Astrocytes are another potential source of IL6, CXCL10, and CCL2 expression. Similar to microglia, astrocytes undergo a transformation to reactive astrocytosis in response to injury and disease. Reactive astrocytes have a gene expression pattern distinct from non-reactive astrocytes [41], produce pro-inflammatory cytokines by an NFκB-mediated mechanism [52, 68, 69], and have immune tolerance responses [68, 70]. To determine whether astrocytes may contribute to hippocampal inflammatory mediator results and demonstrate immune tolerance in our pre- and postnatal LPS model, we measured Gfap+ astrocytes in the hippocampus. In contrast to microglia, we found no histological differences in Gfap+ astrocytes among treatment groups. However, upregulation of Lcn2 and Steap4, in addition to CXCL10, genes associated with reactive astrocytosis [41], suggest a change in astrocyte reactivity following postnatal inflammatory challenge. Lcn2 and CXCL10 also demonstrated immune tolerance in the LL group.

Reactive astrocyte gene expression is likely a direct effect of activated microglia. Liddelow et al. demonstrated that activated microglia are required to induce transformation of cultured A1 reactive astrocytes (nomenclature similar to M1 microglia) from non-reactive astrocytes after 7 days [41]. Our study is consistent with this process because (1) outcomes measured 2 days after postnatal LPS administration was a timeframe adequate to measure a robust histologic microglial activation but only a partial astrocyte gene response; (2) the responses of Lcn2 and CXCL10 to pre- and postnatal LPS mirror hippocampal responses.

Non-resident immune cells including infiltrating macrophages and neutrophils could also contribute to the hippocampal immune response in this model, but their impact is likely much less than microglia and astrocytes. A study by Hutton et al. used a preterm fetal ovine model to identify infiltrating macrophages by morphology 72 h following inflammatory challenge [71]. They identified 60–100 macrophages per mm2 in white matter areas. In contrast, they identified 1–3 macrophages per mm2 in the hippocampus. We did not specifically identify infiltrating cells in our study, but found a far greater density of activated microglia in the hippocampus that in the similar model. Infiltrating cells may be a more significant mediator of inflammation in white matter regions than gray matter regions such as the hippocampus.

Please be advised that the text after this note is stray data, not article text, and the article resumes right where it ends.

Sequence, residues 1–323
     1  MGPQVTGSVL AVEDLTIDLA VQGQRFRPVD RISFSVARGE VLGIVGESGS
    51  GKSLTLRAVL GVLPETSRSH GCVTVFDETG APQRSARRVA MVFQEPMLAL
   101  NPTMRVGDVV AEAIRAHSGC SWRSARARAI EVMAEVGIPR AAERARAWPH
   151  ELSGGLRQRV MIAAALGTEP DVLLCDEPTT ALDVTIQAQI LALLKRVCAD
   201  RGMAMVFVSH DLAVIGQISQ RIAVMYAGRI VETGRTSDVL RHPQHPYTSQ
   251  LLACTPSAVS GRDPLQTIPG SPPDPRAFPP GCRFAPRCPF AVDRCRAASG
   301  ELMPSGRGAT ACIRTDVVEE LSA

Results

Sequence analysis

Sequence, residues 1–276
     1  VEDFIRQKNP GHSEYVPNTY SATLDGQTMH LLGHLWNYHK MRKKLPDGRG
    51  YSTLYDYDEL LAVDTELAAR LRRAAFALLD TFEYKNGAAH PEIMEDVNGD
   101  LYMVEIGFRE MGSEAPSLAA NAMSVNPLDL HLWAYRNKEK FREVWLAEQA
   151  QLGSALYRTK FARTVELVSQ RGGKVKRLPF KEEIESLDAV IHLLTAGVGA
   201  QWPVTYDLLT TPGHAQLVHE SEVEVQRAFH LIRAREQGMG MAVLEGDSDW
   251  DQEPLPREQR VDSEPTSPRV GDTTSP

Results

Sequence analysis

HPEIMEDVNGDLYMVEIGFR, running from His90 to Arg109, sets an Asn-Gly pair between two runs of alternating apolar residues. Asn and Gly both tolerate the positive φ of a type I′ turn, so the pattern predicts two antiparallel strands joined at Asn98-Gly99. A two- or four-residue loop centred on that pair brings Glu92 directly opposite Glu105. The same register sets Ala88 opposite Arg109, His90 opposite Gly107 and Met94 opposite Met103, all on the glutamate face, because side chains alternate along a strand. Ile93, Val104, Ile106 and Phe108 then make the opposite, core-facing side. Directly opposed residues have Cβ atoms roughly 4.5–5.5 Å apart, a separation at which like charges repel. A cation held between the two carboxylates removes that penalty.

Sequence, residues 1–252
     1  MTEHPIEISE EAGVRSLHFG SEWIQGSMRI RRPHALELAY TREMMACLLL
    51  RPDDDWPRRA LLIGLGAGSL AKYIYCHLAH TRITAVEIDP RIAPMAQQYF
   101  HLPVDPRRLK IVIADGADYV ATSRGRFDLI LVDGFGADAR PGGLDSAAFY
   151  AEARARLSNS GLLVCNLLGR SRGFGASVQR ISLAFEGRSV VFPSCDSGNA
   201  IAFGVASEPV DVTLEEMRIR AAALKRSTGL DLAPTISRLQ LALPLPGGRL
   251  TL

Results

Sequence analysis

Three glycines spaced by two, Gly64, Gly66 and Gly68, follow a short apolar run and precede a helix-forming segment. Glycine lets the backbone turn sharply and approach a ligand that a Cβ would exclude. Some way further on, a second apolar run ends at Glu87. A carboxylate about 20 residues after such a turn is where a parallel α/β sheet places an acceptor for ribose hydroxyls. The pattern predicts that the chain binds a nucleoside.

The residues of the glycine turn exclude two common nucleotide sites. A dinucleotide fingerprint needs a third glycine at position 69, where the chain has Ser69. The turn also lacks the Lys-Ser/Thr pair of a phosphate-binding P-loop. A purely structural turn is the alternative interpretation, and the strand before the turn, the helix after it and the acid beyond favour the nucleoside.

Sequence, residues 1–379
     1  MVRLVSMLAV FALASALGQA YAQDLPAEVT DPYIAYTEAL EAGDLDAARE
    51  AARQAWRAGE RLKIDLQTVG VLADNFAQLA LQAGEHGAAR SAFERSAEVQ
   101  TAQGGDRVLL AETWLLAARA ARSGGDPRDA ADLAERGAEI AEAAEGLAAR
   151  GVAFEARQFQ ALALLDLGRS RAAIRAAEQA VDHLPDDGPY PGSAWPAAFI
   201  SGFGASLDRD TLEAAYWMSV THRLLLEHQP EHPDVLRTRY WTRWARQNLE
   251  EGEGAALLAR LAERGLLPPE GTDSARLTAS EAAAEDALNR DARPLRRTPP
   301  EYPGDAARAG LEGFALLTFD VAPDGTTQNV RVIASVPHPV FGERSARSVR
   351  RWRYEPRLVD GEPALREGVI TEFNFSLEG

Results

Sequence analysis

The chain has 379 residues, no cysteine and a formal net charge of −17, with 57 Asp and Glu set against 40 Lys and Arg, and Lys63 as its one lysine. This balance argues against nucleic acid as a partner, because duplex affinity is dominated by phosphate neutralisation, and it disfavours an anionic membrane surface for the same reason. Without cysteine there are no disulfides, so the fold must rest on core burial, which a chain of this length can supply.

Postnatal LPS administered to neonatal rats at P5 to model sepsis resulted in a pro-inflammatory immune response in the hippocampus. Evidence of immune tolerance resulted if prenatal LPS to model FIRS was administered first. Microglia demonstrate a robust inflammatory response to postnatal LPS, but partial immune tolerance response. Hippocampal immune tolerance likely results due to the responses of multiple cell types.

Availability of data and materials

All data generated or analyzed during this study are included in the published article or supplementary files.



Allograft inflammatory factor 1




Brain-derived neurotrophic factor


C-C motif chemokine ligand 2


C-X-C motif chemokine ligand 10


Early-onset sepsis


Fetal inflammatory response syndrome


Glial fibrillary acidic protein